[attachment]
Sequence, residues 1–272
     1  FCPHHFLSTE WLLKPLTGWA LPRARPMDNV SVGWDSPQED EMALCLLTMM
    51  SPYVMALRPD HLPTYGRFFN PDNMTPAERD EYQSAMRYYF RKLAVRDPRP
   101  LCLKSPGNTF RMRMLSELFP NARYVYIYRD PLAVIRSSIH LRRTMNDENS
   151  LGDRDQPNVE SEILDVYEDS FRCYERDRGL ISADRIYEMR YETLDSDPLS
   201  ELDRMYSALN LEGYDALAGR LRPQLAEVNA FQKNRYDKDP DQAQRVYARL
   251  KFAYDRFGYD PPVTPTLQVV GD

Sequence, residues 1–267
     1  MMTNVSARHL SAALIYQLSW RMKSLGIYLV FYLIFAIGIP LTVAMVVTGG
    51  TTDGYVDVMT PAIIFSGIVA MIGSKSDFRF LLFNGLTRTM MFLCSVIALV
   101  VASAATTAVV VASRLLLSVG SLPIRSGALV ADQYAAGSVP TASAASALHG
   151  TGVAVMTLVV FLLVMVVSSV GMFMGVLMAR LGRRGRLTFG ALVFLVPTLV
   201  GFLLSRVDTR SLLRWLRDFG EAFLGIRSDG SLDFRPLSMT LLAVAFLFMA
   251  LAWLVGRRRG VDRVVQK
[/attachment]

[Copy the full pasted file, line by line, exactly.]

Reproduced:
Sequence, residues 1–272
     1  FCPHHFLSTE WLLKPLTGWA LPRARPMDNV SVGWDSPQED EMALCLLTMM
    51  SPYVMALRPD HLPTYGRFFN PDNMTPAERD EYQSAMRYYF RKLAVRDPRP
   101  LCLKSPGNTF RMRMLSELFP NARYVYIYRD PLAVIRSSIH LRRTMNDENS
   151  LGDRDQPNVE SEILDVYEDS FRCYERDRGL ISADRIYEMR YETLDSDPLS
   201  ELDRMYSALN LEGYDALAGR LRPQLAEVNA FQKNRYDKDP DQAQRVYARL
   251  KFAYDRFGYD PPVTPTLQVV GD

Sequence, residues 1–267
     1  MMTNVSARHL SAALIYQLSW RMKSLGIYLV FYLIFAIGIP LTVAMVVTGG
    51  TTDGYVDVMT PAIIFSGIVA MIGSKSDFRF LLFNGLTRTM MFLCSVIALV
   101  VASAATTAVV VASRLLLSVG SLPIRSGALV ADQYAAGSVP TASAASALHG
   151  TGVAVMTLVV FLLVMVVSSV GMFMGVLMAR LGRRGRLTFG ALVFLVPTLV
   201  GFLLSRVDTR SLLRWLRDFG EAFLGIRSDG SLDFRPLSMT LLAVAFLFMA
   251  LAWLVGRRRG VDRVVQK